Gender stereotypes as a double-edged sword in political advertising: persuasion effects of campaign theme and advertising style

Yu-Kang Lee

National Sun Yat-sen University


The biggest asset for a woman candidate is being a woman, and the biggest liability is not being a man.

Barbara Curran, former New Jersey Assembly member (cited in Mandel 1981, p. 31)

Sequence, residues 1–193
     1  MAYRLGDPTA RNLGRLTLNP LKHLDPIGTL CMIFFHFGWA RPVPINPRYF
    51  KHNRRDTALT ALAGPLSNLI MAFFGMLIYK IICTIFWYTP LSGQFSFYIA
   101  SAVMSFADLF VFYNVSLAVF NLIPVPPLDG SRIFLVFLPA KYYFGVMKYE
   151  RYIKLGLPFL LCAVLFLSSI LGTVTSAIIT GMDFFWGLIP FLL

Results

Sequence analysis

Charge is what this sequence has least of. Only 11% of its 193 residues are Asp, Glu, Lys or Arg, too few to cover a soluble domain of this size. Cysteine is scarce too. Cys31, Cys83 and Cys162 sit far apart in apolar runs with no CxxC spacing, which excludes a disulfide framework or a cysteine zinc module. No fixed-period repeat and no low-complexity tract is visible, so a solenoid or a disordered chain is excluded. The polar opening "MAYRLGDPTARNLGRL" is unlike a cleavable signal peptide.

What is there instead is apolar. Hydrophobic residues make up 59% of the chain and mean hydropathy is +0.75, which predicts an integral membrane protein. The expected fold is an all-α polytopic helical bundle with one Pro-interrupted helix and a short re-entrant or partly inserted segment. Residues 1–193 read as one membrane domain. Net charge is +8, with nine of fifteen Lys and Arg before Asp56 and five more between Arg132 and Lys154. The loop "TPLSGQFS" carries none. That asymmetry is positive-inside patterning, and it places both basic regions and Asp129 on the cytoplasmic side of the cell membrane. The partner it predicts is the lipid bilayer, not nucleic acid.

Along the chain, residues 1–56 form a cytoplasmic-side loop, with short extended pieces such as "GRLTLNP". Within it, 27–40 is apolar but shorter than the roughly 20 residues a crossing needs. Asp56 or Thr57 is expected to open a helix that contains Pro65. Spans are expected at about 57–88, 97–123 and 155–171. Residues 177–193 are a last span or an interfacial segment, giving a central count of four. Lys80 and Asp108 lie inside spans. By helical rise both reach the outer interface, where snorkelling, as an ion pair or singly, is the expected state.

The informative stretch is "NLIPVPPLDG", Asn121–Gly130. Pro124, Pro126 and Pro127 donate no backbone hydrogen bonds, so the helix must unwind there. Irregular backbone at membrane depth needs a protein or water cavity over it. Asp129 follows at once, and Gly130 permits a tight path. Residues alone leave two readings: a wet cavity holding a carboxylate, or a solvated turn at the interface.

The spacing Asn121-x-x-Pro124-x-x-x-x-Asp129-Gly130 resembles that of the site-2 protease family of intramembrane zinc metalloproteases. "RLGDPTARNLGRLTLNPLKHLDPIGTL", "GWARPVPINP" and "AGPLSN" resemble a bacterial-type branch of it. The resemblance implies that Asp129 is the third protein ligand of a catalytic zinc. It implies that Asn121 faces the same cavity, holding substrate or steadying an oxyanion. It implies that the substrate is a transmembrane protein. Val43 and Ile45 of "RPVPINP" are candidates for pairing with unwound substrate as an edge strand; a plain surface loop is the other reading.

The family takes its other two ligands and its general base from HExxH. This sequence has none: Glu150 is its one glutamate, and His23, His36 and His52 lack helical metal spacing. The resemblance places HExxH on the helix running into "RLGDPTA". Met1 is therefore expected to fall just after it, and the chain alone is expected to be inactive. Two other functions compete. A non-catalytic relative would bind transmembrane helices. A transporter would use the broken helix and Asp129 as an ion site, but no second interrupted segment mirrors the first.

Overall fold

The significant increase in the number of female candidates seeking political posts at all levels over the past decade is nearly a worldwide phenomenon. Although female candidates have become increasingly popular in politics, how voters perceive them is often heatedly debated. Recently, political communications researchers have paid increasing attention to gender differences in political advertising (e.g. Fox & Lawless 2004; Smith et al. 2005). By prioritising masculine or feminine traits or issues, these studies addressed the question of whether there are differences between male and female candidates with regard to the styles of their spot ads and campaign themes (e.g. Kahn 1993; Johnston-Cartee & White 1994; Robertson et al. 1999; Bystrom et al. 2004; Chang & Hitchon 2004). However, the results of previous studies are inconsistent and contradictory regarding the influence of candidate gender on advertising persuasiveness, e.g. whether gender stereotypes can be an asset or a liability. For example, voters would expect candidates to carry gender-congruent traits or issues (Rosenwasser et al. 1987; Rosenwasser & Dean 1989; Carpini & Fuchs 1993; Huddy & Terkildsen 1993a, 1993b; Matland 1994; Herrnson et al. 2003; Banwart & McKinney 2005). On the other hand, some researchers suggest that gendered information in the campaigns may not catch voters’ attention and lead to little persuasion (Huddy & Terkildsen 1993a, 1993b; Hitchon et al. 1997; Fox & Smith 1998; Bystrom & Kaid 2002; Bystrom et al. 2004). Gordon et al. (2003) suggested the importance of exploring potential moderating variables in explaining the effects of gender-based advertising.